Working Papers 2013 Abstract

 

The spillover effects of unconventional monetary policies in major developed countries on developing countries

  • Reference number: ST/ESA/2013/DWP/131
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The objective of this paper is to examine the impact of unconventional monetary policy measures adopted in developed countries (the US, UK, Euro Area and Japan) on developing economies (Brazil, China, India and Russia). First, we analyse the domestic and cross-border financial market impact of unconventional monetary policy announcements by central banks, using a series of event studies. We find that quantitative easing (QE) by the FED, BoE, ECB and BoJ influenced long term yields, equity prices, and possibly exchange rates both in the developed and developing countries (for example we find that QE resulted in decreases in long term yields by about 125 basis points in the US, about 100 basis points in the UK, and about 50 basis points in the Euro Area and Japan). Next, using the National Institute’s global macroeconomic model NIGEM, we conduct a series of macroeconomic simulations that allow us to assess the impact of lower yields, higher equity prices, and lower investment premia (attributable to unconventional monetary policy measures) on the real economy in the developed and developing countries (for example, we find that lower yields only, could have stimulated GDP (average change in levels, over a 5 year period) by about 1¾ per cent in the US, 1½ per cent in the UK, ¾ per cent in the Euro Area and Japan, about 1 per cent in Brazil and Russia (in Brazil more than Russia), and ¾ per cent in India and China (in India more than China)).

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The new aid paradigm: A case of policy incoherence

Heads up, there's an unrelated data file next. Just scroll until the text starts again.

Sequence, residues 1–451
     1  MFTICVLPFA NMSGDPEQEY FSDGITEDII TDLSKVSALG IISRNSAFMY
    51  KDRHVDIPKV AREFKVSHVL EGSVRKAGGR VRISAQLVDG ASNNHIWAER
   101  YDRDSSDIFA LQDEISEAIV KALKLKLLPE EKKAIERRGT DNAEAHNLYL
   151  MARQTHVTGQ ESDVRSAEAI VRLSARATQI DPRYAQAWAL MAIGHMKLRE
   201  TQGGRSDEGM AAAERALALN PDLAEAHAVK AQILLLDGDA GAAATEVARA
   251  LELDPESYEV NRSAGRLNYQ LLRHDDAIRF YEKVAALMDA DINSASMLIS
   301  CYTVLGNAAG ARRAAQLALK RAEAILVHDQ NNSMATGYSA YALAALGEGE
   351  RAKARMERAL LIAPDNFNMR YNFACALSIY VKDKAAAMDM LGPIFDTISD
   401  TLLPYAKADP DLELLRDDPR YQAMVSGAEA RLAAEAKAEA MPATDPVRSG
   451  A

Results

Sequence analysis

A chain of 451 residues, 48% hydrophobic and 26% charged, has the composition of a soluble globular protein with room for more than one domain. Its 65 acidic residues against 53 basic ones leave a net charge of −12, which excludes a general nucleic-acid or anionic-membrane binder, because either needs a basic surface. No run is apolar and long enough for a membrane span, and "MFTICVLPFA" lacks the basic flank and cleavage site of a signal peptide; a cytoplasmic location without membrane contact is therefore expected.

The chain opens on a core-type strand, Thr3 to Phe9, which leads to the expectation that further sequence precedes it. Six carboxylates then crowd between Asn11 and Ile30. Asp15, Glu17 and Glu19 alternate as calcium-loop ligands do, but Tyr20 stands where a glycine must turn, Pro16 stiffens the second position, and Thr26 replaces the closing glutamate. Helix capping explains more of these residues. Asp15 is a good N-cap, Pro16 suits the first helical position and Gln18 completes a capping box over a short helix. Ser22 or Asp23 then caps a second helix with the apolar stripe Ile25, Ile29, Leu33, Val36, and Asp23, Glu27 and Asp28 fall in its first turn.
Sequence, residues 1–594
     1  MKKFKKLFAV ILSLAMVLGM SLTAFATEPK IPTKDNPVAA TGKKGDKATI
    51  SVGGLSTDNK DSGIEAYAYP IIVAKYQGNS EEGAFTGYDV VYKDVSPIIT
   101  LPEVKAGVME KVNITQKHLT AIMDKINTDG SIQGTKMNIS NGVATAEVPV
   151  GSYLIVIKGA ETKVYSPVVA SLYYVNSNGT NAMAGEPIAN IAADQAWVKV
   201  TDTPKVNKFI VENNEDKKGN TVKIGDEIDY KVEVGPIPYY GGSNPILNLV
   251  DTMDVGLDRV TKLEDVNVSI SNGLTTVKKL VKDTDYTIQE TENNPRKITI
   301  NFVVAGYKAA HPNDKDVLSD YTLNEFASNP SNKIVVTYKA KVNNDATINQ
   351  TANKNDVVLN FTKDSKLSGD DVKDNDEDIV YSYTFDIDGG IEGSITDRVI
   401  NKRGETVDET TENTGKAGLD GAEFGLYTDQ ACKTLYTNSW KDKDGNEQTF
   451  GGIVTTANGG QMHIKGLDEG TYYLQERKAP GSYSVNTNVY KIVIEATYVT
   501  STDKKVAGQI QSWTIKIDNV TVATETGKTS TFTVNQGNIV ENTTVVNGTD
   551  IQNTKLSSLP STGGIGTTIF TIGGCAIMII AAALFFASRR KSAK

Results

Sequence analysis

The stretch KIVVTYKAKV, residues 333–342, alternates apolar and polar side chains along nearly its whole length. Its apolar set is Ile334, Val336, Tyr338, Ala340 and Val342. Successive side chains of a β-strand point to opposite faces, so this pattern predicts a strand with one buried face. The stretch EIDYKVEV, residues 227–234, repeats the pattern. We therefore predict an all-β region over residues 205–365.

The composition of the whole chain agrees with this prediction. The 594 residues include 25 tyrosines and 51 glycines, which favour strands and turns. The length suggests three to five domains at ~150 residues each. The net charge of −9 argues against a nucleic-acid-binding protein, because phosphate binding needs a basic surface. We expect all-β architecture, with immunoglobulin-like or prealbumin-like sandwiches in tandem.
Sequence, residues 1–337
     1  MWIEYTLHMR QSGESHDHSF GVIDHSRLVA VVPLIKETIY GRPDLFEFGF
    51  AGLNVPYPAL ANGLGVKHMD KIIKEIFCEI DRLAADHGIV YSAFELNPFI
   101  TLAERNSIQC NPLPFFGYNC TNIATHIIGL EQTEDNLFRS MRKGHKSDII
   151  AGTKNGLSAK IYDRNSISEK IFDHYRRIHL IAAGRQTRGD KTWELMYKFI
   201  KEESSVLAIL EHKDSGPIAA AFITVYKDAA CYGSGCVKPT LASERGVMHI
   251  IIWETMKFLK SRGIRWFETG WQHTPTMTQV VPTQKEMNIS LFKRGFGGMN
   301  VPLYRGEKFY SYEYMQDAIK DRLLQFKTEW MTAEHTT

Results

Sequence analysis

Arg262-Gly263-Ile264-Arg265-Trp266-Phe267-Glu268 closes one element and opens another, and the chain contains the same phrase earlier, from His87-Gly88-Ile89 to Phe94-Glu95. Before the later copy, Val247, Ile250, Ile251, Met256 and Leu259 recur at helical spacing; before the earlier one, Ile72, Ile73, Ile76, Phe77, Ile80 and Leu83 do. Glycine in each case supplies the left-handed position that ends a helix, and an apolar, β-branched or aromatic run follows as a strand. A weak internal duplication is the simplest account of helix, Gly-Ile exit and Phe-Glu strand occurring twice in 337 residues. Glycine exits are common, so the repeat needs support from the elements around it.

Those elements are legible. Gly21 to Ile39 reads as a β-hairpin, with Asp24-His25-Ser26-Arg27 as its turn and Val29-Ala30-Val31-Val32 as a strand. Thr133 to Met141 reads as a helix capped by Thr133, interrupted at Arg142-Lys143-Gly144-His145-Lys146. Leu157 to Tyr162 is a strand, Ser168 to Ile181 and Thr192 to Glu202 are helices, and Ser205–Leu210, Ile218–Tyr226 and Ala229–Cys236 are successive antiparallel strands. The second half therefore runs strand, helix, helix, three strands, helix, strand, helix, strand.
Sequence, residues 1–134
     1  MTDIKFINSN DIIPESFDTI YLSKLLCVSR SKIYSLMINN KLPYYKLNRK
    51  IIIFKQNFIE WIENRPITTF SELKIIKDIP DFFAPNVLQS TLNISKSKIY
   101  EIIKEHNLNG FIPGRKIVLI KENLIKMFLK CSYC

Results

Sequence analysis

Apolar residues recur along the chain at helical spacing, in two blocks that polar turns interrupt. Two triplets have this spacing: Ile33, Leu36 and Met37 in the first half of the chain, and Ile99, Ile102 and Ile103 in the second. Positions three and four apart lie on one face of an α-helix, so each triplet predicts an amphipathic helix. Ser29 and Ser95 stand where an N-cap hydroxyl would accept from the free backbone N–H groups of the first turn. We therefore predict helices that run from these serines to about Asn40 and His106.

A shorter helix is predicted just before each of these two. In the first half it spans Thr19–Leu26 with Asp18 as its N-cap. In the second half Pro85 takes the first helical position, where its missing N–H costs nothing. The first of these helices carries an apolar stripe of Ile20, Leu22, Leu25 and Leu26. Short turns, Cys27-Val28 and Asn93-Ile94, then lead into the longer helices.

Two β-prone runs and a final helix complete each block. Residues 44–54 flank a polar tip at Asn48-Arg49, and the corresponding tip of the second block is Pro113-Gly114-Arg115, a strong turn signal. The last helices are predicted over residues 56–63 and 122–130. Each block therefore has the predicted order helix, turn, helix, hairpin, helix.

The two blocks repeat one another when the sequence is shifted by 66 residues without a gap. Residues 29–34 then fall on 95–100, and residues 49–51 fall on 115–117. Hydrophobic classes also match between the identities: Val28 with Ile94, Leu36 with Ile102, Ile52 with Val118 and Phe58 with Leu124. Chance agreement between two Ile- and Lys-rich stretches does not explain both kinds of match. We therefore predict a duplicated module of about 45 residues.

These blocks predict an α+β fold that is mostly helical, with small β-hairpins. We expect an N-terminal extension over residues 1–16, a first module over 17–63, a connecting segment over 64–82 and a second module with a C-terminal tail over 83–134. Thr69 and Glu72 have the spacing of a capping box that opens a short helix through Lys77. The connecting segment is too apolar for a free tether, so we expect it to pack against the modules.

• Reference number: ST/ESA/2013/DWP/128
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From around 2000 onward, donors and recipient governments embarked upon a new aid paradigm.
The most important elements include increased selectivity in the aid allocation, more ownership of recipient countries based on nationally elaborated PRSPs, and more donor alignment and harmonization
via program-based approaches such as budget support. The paper assesses the theoretical merits of this new paradigm, identifying some contradictions and limitations, and then examines its implementation over the past decade and its results. The empirical results largely confirm the earlier identified weaknesses and limitations. The paper concludes with some suggestions for improving aid practices.

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Half a Century of Proposals for ‘Innovative’ Development Financing

  • Reference number: ST/ESA/2013/DWP/125
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This paper recalls the history of proposed “innovative” mechanisms by which governments could strengthen financial cooperation for development. Such proposals sought more predictable and assured financial flows to facilitate recipient country programming, while also substantially adding to the volume of highly concessional international support for development. International discussions of these proposals mostly began in the 1960s and in many cases continue today, although implementation thus far has been modest. These discussions are contrasted with generally more recent proposals that proponents call “innovative” but that do not share the characteristics of the more radical thinking underlining the older proposals.

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The distributional effects of fiscal austerity

  • Reference number: ST/ESA/2013/DWP/129
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This paper examines the distributional effects of fiscal austerity. Using episodes of fiscal consolidation measures for a sample of 17 OECD countries over the period 1978-2009, we find that fiscal consolidation episodes have typically led to a significant and long-lasting increase in inequality. Tax-based consolidation episodes tend to have a larger and more persistent effect on inequality than spendingbased consolidations. The evidence also shows that while fiscal consolidations have typically led to a fall in wage income, they have not had a significant effect on profit and rent income.

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